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A Book Report on the Cuckoo's Egg by Cliff Stoll - a Cuckoo's Fledgling

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A Book report on "The Cuckoo's Egg" by Cliff Stoll

A Cuckoo's Fledgling

Although the 1980s are not generally thought of as a decade of innocence, there were, however, a few pockets of juvenile utopia. One such example was the rapidly expanding "online" community, with its assortment of up-and-coming networks that were, to many technically inclined users, a virtual "McDonald's Play Place" with slides, ball pits and winding tubes to explore, all rapped in a security blanket of innocence. Not until a bully invaded, did another bastion of delayed-maturity, Cliff Stoll, find that "Big Bother" was not eager, or perhaps unable, to repel the invader on his behalf. This led Cliff to take responsibility and stand up to his assailant, causing a transformation throughout many facets of his life. The Cuckoo's Egg is the story of Cliff Stoll's maturation into an adult, mirrored by the loss of innocence and youthful-trusting-openness taking place in the network community at the time, catalyzed by a hacker halfway around the world, and necessitated by a nonchalant attitude among the governmental agencies supposed to be responsible for computer security.

A question all parents, and some elder siblings, ask at some point is, "when should I let Jr. stand on his own?" and while it was only a case of bureaucracy not being equipped to quickly respond to a situation, this lack of response forced a man out of his comfort zone, gave him something to care about, and eventually made for an interesting book. It could even be hypothesized that Cliff's decision to marry was aided by the paradigm shift he experienced during the course of his hacker chase (Stoll 356). The delay of intervention on the part of the government agencies forced Cliff Stoll to leave the sidelines of his life, take responsibility, and become "pro-active-almost rabid-about computer security" (370).

At the beginning of his story, Cliff portrays himself as an academic dreamer (1), literally a start gazer; he seams to be fumbling though life without a cause to get behind, and for that matter not really looking for one. Then when he starts chasing a hacker, thinking that he, "...might learn about phone traces and networks" (35), he struck a blow to a "tar-baby" that would not let him go back to his life of indifference. The entanglement in pursuit of the hacker was elongated, significantly, by the fact that the government did not have contingencies in place to respond to computer crime, coupled with the simple fact that without a quantitative dollar value they did not take losses seriously. One of the first requests for assistance made of the FBI was answered with the reply, "Look, if you can demonstrate a loss of more than a million dollars, or that someone's prying through classified data, then we'll open an investigation. Until then, leave us alone" (42), a brush off worthy of and older brother, the equivalent of saying, "stop whining, you bother me kid". Cliff responds admirably to this snub, continues his research, and really starts getting down in the trenches, sleeping under his desk, and communicating with other agencies.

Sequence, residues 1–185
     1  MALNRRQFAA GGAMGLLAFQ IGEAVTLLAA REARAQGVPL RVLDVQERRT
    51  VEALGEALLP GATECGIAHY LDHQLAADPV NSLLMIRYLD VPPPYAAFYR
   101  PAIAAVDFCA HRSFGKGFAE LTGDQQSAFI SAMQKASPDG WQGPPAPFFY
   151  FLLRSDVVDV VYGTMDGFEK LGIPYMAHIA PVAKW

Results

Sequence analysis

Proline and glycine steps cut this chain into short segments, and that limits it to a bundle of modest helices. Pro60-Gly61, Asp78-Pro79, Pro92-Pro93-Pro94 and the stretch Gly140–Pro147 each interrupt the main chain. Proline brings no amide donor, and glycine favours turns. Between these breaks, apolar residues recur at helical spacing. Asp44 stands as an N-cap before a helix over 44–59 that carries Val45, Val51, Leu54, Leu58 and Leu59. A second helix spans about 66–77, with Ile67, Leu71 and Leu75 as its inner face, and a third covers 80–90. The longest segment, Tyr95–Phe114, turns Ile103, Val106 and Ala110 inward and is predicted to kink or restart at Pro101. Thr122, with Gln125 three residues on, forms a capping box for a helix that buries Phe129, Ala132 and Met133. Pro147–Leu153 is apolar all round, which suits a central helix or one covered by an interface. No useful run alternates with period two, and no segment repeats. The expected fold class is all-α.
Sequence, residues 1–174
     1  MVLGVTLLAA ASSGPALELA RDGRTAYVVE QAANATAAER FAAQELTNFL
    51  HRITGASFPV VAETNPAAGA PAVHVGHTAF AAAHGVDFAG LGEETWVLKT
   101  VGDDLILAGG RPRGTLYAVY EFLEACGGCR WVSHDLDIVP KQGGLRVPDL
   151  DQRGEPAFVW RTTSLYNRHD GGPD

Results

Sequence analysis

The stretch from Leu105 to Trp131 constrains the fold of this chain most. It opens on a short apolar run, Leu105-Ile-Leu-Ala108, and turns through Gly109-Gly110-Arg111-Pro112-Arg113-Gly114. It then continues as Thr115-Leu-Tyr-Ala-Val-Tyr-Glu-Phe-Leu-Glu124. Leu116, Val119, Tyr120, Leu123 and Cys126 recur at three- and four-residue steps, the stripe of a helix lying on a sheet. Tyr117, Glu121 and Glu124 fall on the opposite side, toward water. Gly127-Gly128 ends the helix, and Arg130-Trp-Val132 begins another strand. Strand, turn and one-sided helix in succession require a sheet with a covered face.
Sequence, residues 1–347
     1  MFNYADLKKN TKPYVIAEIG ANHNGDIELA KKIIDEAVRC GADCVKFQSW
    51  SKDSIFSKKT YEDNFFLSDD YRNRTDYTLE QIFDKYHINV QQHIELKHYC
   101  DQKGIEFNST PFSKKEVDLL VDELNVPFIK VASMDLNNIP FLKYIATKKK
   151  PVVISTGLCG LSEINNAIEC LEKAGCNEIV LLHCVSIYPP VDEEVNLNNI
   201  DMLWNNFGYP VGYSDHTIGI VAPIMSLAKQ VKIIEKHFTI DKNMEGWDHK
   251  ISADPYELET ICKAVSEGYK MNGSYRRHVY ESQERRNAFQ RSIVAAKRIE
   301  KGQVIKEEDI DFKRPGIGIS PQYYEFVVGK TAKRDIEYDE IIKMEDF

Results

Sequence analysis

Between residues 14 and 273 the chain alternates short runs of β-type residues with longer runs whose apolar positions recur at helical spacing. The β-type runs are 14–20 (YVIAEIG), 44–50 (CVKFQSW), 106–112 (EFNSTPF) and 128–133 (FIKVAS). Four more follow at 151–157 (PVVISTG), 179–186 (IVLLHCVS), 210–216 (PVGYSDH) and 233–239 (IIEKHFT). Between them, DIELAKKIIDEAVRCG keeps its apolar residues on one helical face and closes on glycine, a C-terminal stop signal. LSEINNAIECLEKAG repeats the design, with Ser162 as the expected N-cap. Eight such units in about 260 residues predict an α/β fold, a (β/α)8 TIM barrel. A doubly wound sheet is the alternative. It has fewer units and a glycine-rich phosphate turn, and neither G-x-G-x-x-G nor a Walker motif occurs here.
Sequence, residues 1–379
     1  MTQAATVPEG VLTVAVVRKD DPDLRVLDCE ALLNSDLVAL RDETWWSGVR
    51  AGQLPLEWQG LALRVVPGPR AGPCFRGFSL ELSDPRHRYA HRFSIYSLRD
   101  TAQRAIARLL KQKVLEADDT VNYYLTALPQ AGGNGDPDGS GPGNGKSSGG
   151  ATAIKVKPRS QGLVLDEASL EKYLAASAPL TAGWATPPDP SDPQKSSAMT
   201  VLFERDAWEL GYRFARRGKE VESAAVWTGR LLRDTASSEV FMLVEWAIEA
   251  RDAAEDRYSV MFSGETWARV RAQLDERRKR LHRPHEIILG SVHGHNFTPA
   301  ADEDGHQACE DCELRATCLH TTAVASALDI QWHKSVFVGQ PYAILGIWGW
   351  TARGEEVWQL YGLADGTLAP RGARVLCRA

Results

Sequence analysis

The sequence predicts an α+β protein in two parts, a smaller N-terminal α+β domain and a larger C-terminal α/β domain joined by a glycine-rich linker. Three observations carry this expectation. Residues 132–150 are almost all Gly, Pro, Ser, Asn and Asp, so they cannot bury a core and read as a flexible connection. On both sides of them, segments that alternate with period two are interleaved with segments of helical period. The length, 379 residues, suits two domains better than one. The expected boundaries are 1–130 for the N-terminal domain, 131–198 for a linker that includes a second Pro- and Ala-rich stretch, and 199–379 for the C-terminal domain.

The first time Cliff begins to realize that he is changing is just after a call to Zeke Hanson at the NCSC, part of the NSA. Somewhat discouraged by the inaction of the various agencies cliff paces the halls at Lawrence Berkeley Labs. It is here that he realized that no one but himself is driving him to catch this intruder, for the first time in his life he cares about something, on his own, that truly matters. In his own words Cliff states, "Now, nobody was telling me what to do, yet I had a choice: should I quietly let things drop? Or do I take up arms against this sea of troubles?" he continues, "Staring



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